Economists have declared that the longest economic expansion in American history, which has been presided over partly by President Donald Trump since his taking office in January 2017, has come to an end.
But if the experts were talking recession on Monday, Wall Street was talking recovery as three major market indicators surged higher Monday.
According to the Business Cycle Dating Committee of the National Bureau of Economic Research, the economy hit a peak in February, as America was beginning to come to grips with the major threat posed by the coronavirus but before lockdowns slammed the brakes on most economic activity.
The report dated the just-concluded economic expansion as having started in June 2009. The report said the 128-month expansion broke the former record of 120 months, from March 1991 to March 2001.
Employment numbers from the Bureau of Labor Statistics household survey, which excludes people paid but not working, “fell steeply from February to March,” according to the report.
The committee said the economy hit a peak in the fourth quarter of 2019. A statement on the NBER website said that it was unusual for the peak month to fall outside the peak quarter but noted that “[t]he economy contracted so sharply in March (the final month of the quarter)” that multiple economic measures for the first quarter of 2020 ended up lagging behind those of the final quarter of 2019.
“The committee recognized that this survey was affected by special circumstances associated with the pandemic of early 2020,” the report said, noting that just because the economy has slumped since February does not mean the recession will last very long.
“The committee recognizes that the pandemic and the public health response have resulted in a downturn with different characteristics and dynamics than prior recessions. Nonetheless, it concluded that the unprecedented magnitude of the decline in employment and production, and its broad reach across the entire economy, warrants the designation of this episode as a recession, even if it turns out to be briefer than earlier contractions,” the report continued.
Trump said last week that the May jobs report, which showed the U.S. adding 2.5 million jobs, is reason for hope, according to a White House media pool report.
The jobs report said the unemployment rate fell to 13.3 percent.
“Economists forecast that the unemployment rate, as I said, would be about 19 percent, and they were hoping for 20 percent, the opponents of ours. They’d rather have things be bad so they can try and win an election. So they were hoping it would be 20 percent. Instead, it’s 13 percent. That was good. That — we made up a lot of time, a lot of distance. It’s really great,” Trump said.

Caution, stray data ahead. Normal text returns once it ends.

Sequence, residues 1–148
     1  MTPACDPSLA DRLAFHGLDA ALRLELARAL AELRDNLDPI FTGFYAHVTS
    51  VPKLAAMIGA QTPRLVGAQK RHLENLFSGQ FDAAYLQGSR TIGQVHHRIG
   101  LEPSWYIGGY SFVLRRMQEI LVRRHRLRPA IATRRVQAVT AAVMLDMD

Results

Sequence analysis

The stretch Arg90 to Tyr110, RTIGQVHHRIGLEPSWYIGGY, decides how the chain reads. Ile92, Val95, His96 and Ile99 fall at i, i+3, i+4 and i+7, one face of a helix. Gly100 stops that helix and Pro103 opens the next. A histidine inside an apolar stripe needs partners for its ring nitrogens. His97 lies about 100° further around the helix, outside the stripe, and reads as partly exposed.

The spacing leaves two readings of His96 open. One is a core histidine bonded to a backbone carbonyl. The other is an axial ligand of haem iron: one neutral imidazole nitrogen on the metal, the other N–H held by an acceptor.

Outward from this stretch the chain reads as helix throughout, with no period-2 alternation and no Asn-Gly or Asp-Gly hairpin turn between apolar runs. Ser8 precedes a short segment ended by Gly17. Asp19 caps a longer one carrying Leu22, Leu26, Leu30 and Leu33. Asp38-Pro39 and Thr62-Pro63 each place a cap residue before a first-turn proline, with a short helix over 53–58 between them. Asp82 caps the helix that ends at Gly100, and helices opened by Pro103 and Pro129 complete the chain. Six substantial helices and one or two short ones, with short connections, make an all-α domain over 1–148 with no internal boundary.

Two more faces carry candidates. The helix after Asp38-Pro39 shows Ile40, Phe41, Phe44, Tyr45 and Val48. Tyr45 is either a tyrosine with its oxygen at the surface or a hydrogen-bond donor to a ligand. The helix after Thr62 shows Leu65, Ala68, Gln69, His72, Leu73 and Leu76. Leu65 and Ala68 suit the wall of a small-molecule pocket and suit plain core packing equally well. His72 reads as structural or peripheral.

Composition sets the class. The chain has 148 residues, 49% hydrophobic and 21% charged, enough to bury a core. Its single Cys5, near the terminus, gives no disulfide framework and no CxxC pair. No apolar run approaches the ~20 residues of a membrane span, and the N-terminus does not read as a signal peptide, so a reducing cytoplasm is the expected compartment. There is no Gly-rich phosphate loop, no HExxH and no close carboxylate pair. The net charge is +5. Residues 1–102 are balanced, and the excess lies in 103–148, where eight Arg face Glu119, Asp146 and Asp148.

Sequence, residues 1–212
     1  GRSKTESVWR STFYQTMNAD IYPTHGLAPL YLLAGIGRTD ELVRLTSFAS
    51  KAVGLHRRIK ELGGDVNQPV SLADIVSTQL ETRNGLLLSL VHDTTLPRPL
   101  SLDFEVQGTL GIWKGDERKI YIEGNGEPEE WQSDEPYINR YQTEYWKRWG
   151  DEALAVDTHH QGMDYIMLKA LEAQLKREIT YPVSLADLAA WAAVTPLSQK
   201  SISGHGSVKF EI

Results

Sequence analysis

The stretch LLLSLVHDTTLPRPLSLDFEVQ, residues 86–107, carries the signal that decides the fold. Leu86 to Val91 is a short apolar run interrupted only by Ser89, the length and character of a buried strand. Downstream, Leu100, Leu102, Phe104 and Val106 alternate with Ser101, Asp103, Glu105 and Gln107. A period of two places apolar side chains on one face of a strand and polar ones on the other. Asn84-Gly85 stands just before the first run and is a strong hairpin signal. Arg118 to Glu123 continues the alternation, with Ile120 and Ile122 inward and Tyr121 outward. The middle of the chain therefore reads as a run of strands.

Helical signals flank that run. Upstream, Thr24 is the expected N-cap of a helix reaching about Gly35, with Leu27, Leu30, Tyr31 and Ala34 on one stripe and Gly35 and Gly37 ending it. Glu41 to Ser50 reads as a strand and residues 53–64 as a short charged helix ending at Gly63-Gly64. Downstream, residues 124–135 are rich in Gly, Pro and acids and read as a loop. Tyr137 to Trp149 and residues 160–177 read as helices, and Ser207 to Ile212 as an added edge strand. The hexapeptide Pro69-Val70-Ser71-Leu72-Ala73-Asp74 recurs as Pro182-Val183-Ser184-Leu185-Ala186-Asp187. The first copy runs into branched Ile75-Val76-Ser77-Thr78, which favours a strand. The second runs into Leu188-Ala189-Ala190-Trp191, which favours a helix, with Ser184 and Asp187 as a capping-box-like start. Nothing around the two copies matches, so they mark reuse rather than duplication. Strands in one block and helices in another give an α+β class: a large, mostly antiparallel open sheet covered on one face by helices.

“Even I was surprised by this one. This was better than I thought. I thought it would be OK, but I didn’t know this.”
A note at the bottom of the jobs report indicated a “misclassification error” made the unemployment rate appear roughly 3 percentage points lower than reported. The unemployment rate should be about 16.1 percent, according to Forbes, as 4.7 million people were mistakenly classified as employed when they were unemployed.
During an appearance at Puritan Medical Products in Guilford, Maine, Trump said that America is currently in a period he calls “transition to greatness” and will bounce back.
“I built it once, now I’m building it again,” Trump said. “We had to close it down. We did the right thing. We closed it down and we saved millions of lives.”
Trump was upbeat about the future.
“This next year will be better, I think, than any year we’re ever had. That’s how I feel about it,” Trump said.
“America’s economic comeback has begun. The next year is set to be a year, and — I remember I said it, but it’s going to be an amazing year,” he said.
Wall Street shared Trump’s optimism on Monday, according to The Washington Post.
The Nasdaq composite index hit a record at 9,924.75, a 110-point gain. The previous record high was set in February.
Standard & Poor’s 500 index, which had been down 30 percent in March, reached 3,232.39, wiping out its losses for the year to date.
The Dow Jones industrial average kept its six-day streak of gains going, rising 461 points to close at 27,572.44.
During Monday’s media briefing, White House press secretary Kayleigh McEnany said the Wall Street showing was “an unexpected note that the market believes in this President, that employers believe in this President, that they — they believe they can open their doors in the Trump economy,” according to a White House media pool report.
“So it was a note of a great first step of progress. But rest assured there are many more steps that we have to take to get back to the hottest economy in modern history, but we will get there under President Trump,” she added.
UPDATE, June 9, 2020: This article has been updated to include information about a “misclassification error” in the jobs report that made the unemployment rate appear roughly 3 percentage points lower than reported.
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